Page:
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Poetics of EmptinessTransformations of Asian Thought in American Poetry$
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Jonathan Stalling

Print publication date: 2010

Print ISBN-13: 9780823231447

Published to Fordham Scholarship Online: January 2012

DOI: 10.5422/fordham/9780823231447.001.0001

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/ Patterned Harmony: Buddhism, Sound, and Ernest Fenollosa's Poetics of Correlative Cosmology

/ Patterned Harmony: Buddhism, Sound, and Ernest Fenollosa's Poetics of Correlative Cosmology

Chapter:
(p.59) 2 / Patterned Harmony: Buddhism, Sound, and Ernest Fenollosa's Poetics of Correlative Cosmology
Source:
Poetics of Emptiness
Author(s):

Jonathan Stalling

Publisher:
Fordham University Press
DOI:10.5422/fordham/9780823231447.003.0004

This chapter looks into distinct set of cultural engagements within Fenollosa's transpacific imaginary, which surface in the lost half of Fenollosa's “The Chinese Written Character as a Medium for Poetry.” When Ezra Pound published Fenollosa's short essay in 1936, he revised and published only one half of Fenollosa's original essay. The second half deals largely with the sounds of Chinese formal prosody and theories of how to translate and transliterate these sounds into English poetry. This finding is important because critics have long censured Fenollosa for his choice to ignore sound in his discussion of Chinese poetry. This chapter, therefore, explores Fenollosa's ideas of Chinese prosody and, by extension, examines how his theories of translation and transliteration extend from his understanding and triangulation of Western Romanticism, traditional Chinese philosophy, poetics, and his Japanese Buddhist investments (the elements of Fenollosa's hybrid Hegelian Tendai Buddhism).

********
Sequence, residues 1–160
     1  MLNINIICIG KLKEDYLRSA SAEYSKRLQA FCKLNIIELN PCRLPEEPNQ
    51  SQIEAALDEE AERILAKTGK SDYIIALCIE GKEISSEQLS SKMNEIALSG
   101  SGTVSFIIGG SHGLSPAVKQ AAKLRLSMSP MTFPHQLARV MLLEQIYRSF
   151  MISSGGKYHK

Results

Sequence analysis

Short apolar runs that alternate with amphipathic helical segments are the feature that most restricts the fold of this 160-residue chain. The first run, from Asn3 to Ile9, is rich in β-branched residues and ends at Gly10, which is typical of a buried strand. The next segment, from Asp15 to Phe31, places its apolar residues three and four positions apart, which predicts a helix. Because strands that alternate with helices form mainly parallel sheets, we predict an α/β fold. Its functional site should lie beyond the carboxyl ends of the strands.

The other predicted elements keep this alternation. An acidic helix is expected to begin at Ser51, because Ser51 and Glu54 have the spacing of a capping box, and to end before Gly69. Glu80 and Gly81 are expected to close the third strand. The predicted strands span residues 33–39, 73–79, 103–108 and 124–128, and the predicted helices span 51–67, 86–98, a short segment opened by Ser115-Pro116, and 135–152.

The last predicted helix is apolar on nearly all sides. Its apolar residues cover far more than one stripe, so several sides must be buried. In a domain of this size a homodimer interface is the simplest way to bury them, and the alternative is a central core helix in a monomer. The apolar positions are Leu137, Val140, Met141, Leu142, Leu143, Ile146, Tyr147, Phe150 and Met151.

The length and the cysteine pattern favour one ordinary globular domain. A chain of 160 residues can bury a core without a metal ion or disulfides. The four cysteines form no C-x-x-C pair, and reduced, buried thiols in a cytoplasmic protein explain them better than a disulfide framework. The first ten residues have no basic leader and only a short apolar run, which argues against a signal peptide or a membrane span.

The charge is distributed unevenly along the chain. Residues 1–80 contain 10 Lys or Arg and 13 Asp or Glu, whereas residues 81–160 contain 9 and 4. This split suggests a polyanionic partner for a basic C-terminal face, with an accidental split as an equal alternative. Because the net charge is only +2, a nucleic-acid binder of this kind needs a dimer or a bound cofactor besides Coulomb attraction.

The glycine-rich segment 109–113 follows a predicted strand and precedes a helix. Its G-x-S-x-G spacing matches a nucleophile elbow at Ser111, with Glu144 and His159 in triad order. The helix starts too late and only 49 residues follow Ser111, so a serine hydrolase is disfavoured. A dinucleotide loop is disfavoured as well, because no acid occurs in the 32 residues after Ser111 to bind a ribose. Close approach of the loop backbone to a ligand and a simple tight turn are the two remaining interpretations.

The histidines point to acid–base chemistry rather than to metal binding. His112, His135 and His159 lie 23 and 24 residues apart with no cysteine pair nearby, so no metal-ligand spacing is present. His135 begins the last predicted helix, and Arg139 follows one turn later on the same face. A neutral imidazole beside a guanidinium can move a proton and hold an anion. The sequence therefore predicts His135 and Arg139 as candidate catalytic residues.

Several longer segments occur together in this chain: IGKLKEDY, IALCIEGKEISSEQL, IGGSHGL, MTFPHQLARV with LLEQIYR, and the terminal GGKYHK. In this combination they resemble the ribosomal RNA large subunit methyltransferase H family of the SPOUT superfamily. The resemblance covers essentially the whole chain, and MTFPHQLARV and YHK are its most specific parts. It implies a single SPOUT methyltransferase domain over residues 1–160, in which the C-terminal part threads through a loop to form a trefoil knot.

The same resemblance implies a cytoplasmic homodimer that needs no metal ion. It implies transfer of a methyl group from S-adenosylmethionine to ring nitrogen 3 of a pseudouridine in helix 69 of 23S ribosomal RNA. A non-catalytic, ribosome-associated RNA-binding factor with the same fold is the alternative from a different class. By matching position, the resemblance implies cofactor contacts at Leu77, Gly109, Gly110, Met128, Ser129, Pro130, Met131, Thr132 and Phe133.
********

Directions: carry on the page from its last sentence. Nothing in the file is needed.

Keywords:   Chinese formal prosody, English poetry, Chinese poetry, Western Romanticism, Japanese Buddhist investments

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